“By fall, that’s starting to get far enough in the future that although difficult to predict, I think the best we can do is an optimistic scenario and a pessimistic scenario,” she said.

“In the optimistic scenario, our healthcare system can put in place widespread contact tracing and widespread testing, so if someone is diagnosed, we treat them and everybody they’ve been in contact with. Those people are quarantined but everybody else can go back to normal.

In that scenario she said it is also possible to develop the so-called herd immunity – that once enough people have the coronavirus, it is not such a problem anymore.

“Most businesses open, and we can realistically hope hiring and spending start to increase. This is happening in China where they are experiencing a V-shaped recovery for manufacturing that’s taking off but again, tourism and personal service industries are much, much slower.”

In the pessimistic scenario, she said we do not yet have widespread contact tracing and testing and the virus spikes back up. In this scenario it will be like the 1918 influenza virus that started out relatively mild in the spring of 1918, then surged with a vengeance in the fall of that year.

“Pandemics and epidemics have throughout history, resulted in big long-term changes to society and I wouldn’t be surprised if we don’t see the same with this one,” said Orman. “And how soon economic recovery takes place depends on what American society is willing to live with.”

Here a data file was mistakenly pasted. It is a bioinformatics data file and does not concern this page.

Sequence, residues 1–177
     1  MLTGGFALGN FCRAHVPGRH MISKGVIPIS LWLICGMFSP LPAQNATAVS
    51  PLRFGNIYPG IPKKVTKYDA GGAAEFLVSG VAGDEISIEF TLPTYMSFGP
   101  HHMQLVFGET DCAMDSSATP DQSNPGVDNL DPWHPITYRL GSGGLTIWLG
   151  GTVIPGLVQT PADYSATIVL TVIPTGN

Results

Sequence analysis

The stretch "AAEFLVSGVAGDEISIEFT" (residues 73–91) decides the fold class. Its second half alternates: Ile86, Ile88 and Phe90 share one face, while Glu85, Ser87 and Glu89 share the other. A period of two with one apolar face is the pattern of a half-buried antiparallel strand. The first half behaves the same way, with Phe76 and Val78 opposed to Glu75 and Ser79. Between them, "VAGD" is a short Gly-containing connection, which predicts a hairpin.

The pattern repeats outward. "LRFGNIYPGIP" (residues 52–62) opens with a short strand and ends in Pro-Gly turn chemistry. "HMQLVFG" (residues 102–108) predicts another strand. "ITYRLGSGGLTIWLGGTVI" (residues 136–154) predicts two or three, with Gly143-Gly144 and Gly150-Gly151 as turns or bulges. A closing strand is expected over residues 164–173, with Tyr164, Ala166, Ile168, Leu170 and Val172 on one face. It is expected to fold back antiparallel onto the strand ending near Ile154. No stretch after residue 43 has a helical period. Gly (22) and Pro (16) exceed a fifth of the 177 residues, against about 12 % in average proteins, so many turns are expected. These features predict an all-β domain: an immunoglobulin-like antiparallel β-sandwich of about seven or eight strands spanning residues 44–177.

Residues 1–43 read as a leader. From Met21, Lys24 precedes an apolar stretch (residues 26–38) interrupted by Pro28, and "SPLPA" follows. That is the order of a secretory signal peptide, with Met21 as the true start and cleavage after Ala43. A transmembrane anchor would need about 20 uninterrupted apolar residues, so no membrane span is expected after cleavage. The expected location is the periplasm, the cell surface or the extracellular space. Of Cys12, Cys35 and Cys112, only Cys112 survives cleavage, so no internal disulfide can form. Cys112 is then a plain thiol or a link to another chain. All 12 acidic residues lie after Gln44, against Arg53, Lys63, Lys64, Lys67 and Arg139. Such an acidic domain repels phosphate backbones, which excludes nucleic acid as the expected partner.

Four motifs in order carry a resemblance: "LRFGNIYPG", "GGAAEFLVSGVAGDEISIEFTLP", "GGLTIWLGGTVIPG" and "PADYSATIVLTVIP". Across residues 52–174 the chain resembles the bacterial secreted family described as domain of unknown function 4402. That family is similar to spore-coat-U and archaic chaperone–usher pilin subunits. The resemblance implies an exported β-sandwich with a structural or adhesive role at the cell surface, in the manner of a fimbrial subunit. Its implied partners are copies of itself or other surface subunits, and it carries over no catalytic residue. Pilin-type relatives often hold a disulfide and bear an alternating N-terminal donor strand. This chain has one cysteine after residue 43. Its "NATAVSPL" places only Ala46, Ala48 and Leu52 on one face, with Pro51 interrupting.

That requires compliance.

“This is a free country. We prize our freedoms, so will we submit to required testing on a regular basis, or being told you need to be in quarantine because of someone you’ve been in contact with has contracted the disease and you need to be quarantined for two weeks, even if you’re not feeling sick?

“I think some people will and some people won’t. Initially there will be a strong sense of public spiritedness so people will comply, but eventually people will get tired of it, so compliance will probably be an issue.”

And will widespread mask-wearing make sense, and will people comply with it? Orman said it’s hard to see how it won’t become standard at this point, but how will people feel about it in the long-term?”

Orman shared three very telling images from China taken after they reopened their economy.

The differences are stark of Chinese factory workers maintaining 6-foot social distancing while enjoying lunch at a manufacturing plant looks more like an image from a prison.

One image shows a sparsely populated subway in Beijing with passengers sitting 6 feet apart in a car that is usually very crowded.